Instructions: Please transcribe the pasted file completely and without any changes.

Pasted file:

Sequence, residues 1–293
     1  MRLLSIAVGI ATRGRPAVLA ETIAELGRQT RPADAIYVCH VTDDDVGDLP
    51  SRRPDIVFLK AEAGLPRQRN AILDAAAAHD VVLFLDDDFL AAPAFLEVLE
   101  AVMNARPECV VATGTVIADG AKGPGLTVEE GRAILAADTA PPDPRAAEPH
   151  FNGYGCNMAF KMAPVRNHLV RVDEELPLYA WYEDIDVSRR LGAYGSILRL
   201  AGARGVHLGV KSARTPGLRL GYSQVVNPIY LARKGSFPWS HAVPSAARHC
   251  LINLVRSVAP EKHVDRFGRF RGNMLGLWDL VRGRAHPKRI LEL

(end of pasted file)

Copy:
Sequence, residues 1–293
     1  MRLLSIAVGI ATRGRPAVLA ETIAELGRQT RPADAIYVCH VTDDDVGDLP
    51  SRRPDIVFLK AEAGLPRQRN AILDAAAAHD VVLFLDDDFL AAPAFLEVLE
   101  AVMNARPECV VATGTVIADG AKGPGLTVEE GRAILAADTA PPDPRAAEPH
   151  FNGYGCNMAF KMAPVRNHLV RVDEELPLYA WYEDIDVSRR LGAYGSILRL
   201  AGARGVHLGV KSARTPGLRL GYSQVVNPIY LARKGSFPWS HAVPSAARHC
   251  LINLVRSVAP EKHVDRFGRF RGNMLGLWDL VRGRAHPKRI LEL